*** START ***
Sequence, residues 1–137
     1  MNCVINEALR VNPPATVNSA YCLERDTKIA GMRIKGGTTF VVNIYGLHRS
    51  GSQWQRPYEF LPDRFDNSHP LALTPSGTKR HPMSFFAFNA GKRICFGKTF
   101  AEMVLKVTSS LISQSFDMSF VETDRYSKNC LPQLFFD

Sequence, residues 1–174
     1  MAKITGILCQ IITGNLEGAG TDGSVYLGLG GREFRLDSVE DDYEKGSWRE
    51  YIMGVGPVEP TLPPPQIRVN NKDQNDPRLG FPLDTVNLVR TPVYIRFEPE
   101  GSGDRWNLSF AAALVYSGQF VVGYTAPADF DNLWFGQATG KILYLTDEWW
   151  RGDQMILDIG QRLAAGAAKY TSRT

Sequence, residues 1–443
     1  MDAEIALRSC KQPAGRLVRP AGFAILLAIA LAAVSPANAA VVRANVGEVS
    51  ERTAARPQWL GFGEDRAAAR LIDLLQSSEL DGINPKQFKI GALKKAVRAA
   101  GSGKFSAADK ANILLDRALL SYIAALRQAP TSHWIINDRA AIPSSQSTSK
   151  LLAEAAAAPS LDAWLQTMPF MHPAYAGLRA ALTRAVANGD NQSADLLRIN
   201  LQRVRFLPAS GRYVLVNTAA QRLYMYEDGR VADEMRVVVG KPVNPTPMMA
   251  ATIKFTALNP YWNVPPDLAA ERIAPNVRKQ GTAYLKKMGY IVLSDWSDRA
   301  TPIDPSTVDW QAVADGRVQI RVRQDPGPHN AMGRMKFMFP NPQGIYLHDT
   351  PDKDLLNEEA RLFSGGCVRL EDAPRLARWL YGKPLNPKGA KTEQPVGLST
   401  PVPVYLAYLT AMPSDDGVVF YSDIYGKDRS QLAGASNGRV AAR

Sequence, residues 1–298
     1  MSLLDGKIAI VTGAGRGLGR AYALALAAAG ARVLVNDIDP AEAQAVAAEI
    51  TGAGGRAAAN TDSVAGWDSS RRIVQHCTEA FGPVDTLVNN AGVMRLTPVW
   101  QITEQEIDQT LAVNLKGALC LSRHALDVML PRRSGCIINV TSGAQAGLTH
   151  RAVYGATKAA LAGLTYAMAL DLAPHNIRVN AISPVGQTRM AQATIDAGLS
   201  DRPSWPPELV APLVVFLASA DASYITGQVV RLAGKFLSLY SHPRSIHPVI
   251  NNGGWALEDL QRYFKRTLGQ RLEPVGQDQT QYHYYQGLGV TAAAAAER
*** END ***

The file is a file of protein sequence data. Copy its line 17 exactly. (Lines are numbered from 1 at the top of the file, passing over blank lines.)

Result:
   301  TPIDPSTVDW QAVADGRVQI RVRQDPGPHN AMGRMKFMFP NPQGIYLHDT